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Home » In The News » Shareowner Action on Fracking Disclosure Proves Strength of Proxy

Shareowner Action on Fracking Disclosure Proves Strength of Proxy


The Investor Environmental Health Network reports that of six shareowner resolutions filed this year with companies engaged in hydraulic fracturing, four were withdrawn and two received substantial support. -- Readers of know by now that encouraged by remarks by Securities and Exchange (SEC) Commissioner Daniel Gallagher disparaging the use of the current proxy process by sustainable investors, the US Chamber of Commerce and other business groups have petitioned the SEC to revise proxy rules.

In his remarks, Gallagher said, "Activist investors and corporate gadflies have used these loose rules to hijack the shareholder proposal system." In their petition, the Chamber and its allies specifically referenced proposals relating to environmental issues, characterizing them as "non-financial" in an effort to have the Commission's resubmission rule radically altered.

A recent summation of this proxy season as it relates to the controversial practice of hydraulic fracturing, published by the Investor Environmental Health Network (IEHN), strongly suggests that such so-called "non-financial" matters are no longer the province of sustainable investors alone; companies, and growing numbers of mainstream investors as well, clearly recognize the materiality of risks associated with the fracking process.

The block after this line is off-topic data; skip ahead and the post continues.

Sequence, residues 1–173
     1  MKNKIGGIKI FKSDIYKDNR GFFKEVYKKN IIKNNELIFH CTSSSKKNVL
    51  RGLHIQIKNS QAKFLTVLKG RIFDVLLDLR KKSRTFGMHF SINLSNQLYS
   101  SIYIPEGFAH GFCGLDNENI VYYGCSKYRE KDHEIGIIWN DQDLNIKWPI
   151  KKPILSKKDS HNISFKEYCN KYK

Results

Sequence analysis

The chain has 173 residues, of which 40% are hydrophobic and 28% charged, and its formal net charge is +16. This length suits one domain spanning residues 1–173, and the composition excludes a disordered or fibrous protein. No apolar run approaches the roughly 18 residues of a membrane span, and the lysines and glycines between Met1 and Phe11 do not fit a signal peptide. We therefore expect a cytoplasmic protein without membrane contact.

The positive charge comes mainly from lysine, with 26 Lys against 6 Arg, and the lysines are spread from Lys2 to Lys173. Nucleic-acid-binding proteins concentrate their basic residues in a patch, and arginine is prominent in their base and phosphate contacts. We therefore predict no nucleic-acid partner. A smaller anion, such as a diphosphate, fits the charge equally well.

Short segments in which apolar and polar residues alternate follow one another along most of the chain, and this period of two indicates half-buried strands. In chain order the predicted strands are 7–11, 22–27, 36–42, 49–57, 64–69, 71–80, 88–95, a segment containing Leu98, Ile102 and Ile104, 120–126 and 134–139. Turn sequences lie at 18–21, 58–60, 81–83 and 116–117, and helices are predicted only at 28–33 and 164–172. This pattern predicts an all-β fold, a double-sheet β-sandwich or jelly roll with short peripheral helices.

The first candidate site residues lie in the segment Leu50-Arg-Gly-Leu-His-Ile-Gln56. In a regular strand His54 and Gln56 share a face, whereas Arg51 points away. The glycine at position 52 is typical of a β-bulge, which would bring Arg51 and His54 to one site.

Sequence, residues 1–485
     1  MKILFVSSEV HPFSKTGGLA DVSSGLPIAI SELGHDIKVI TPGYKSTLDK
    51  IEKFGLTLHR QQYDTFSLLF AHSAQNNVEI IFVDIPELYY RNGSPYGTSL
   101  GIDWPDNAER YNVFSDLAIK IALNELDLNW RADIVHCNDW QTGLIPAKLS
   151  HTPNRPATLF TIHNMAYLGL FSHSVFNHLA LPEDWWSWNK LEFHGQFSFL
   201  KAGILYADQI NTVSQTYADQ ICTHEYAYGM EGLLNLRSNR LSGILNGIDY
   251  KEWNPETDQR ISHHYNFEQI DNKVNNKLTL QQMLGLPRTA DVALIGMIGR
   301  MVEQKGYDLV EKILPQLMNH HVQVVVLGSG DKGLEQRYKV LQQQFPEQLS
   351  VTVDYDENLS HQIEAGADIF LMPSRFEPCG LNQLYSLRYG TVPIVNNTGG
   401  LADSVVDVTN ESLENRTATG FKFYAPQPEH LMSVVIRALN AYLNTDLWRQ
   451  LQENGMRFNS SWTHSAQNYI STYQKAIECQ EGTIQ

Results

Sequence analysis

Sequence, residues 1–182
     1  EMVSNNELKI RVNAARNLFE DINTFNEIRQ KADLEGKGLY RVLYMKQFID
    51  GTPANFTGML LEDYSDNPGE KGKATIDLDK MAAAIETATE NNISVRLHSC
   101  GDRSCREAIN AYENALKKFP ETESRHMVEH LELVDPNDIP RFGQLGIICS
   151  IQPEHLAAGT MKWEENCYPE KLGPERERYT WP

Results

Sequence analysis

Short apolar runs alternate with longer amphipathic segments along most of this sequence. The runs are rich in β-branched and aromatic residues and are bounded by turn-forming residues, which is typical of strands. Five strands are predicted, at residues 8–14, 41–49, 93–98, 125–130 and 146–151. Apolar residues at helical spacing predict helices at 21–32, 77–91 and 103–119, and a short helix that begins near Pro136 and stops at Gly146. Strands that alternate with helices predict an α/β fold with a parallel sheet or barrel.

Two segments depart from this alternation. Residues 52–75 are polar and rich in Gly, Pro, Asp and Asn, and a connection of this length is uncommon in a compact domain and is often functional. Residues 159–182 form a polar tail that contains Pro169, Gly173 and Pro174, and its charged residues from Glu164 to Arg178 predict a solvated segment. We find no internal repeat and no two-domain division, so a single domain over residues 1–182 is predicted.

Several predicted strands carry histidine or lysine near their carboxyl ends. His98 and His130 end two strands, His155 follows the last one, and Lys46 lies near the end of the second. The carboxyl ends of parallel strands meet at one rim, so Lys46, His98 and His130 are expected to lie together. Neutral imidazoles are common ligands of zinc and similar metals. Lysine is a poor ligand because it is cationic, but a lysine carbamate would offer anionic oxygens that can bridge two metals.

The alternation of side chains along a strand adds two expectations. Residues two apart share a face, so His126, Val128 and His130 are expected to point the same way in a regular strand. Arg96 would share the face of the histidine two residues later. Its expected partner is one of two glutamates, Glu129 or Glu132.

IEHN reports that sustainable investors and public pension funds filed six shareowner resolutions with oil and gas companies this season addressing various risks associated with fracking. Four of the resolutions—filed with ExxonMobil and Occidental Petroleum by As You Sow; with EQT by Green Century Capital Management; and with Pioneer Natural Resources by Calvert Investments—were withdrawn following agreements by the companies to provide improved disclosures.

“Exxon has finally agreed to provide shareholders with information about its on-the-ground actions – from air pollution to spill prevention to reducing truck traffic, among others,” said Danielle Fugere, President of As You Sow. “Vague assurances about protective measures are no longer sufficient; shareholders are demanding to know exactly what measures companies are adopting to protect health and the environment and, more importantly, whether those measures are demonstrably effective in preventing harm. Given the high stakes, we have moved from an era of ‘trust’, to ‘verify’.”

Resolutions filed with Chevron and EOG Resources did go to votes at the companies' annual general meetings this year, and both received support from 28% of shareowners. Such an impressive tally, which only a few short years ago would have been unthinkable for an environmental resolution, strongly suggests that the proxy system as currently designed has been embraced by more than the "activist investors and corporate gadflies" described by Gallagher.

“Unfortunately, despite years of pressure from investors and community members, Chevron continues to lag its peers in demonstrating measurable reductions of its impacts on the environment and local communities” reported Nora Nash, director of Corporate Social Responsibility at the Sisters of St. Francis of Philadelphia, a member of the Interfaith Center on Corporate Responsibility (ICCR)